Swearing helps. It helps a lot. When witty comebacks fail you, the middle finger is your best friend. So why is there all this fuss over 4 letter words?

Centuries-old taboos build up. We’ve all heard it’s not big and it’s not clever, yet swearing is language used by almost all adults. Like chocolate when you’re on a diet, swearing is the forbidden fruit of the vocabulary.

You can probably remember your first forray into the world of swearing. Despite all the talk of its immaturity, swearing is a rite of passage and in secondary school can have a major impact on where you stand in the pecking order. You’ll probably remember the humiliation of whoever said “sh*t off” in a desperate attempt to join the rest. Or using every dictionary your hands came upon to look for the rudest word possible. Maybe this is where immaturity comes in: children can be so cruel.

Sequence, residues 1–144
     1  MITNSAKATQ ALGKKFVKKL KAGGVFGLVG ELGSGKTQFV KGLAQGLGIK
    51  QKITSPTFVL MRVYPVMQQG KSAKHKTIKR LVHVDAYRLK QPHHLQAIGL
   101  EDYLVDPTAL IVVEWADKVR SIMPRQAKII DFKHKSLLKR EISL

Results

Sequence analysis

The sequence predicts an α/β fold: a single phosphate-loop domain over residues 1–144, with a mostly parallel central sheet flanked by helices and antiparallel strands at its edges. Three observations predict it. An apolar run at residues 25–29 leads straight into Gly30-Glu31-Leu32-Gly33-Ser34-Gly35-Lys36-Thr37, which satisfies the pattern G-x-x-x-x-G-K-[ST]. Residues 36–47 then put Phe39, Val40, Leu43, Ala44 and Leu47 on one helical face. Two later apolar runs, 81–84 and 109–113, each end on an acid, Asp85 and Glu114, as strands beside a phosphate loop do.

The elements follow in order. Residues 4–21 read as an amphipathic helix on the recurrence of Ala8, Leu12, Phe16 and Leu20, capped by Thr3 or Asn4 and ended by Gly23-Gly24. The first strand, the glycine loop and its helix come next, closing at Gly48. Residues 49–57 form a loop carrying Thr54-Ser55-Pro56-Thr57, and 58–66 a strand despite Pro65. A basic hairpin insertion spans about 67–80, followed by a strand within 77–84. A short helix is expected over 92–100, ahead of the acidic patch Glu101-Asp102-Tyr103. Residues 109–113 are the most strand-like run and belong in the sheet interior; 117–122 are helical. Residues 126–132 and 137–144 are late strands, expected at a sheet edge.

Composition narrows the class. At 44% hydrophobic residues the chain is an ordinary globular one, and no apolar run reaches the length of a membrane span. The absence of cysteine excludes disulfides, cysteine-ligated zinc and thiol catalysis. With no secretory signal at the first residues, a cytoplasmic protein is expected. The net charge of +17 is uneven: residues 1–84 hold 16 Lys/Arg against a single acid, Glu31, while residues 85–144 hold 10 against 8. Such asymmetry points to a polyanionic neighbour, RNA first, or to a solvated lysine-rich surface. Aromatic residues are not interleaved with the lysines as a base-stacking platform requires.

Swearing is a major part of expressing deep feeling, and sometimes just fills the gaps in song lyrics with passion. The ‘swearing in music’ controversy, kicked up by Hilary Clinton and others in America, led to the infamous Parental Advisory stickers. Many fans of heavier music could lose count of them while going through their CD collection. They’re like a badge of honour for freedom of expression, now shown on not just CD fronts but worn proudly on T-Shirts, posters and and all the .alt merch you can imagine. Who knows what would happen if swearing was banned from music?

What would happen if swearing was banned from speech? Extreme violence, probably. The likes of ‘f*ck’, ‘sh*t’ and ‘cunt’ are the real magic words in today’s stressful world. So why not clap your hands and believe? Just try not to shock the vicar.

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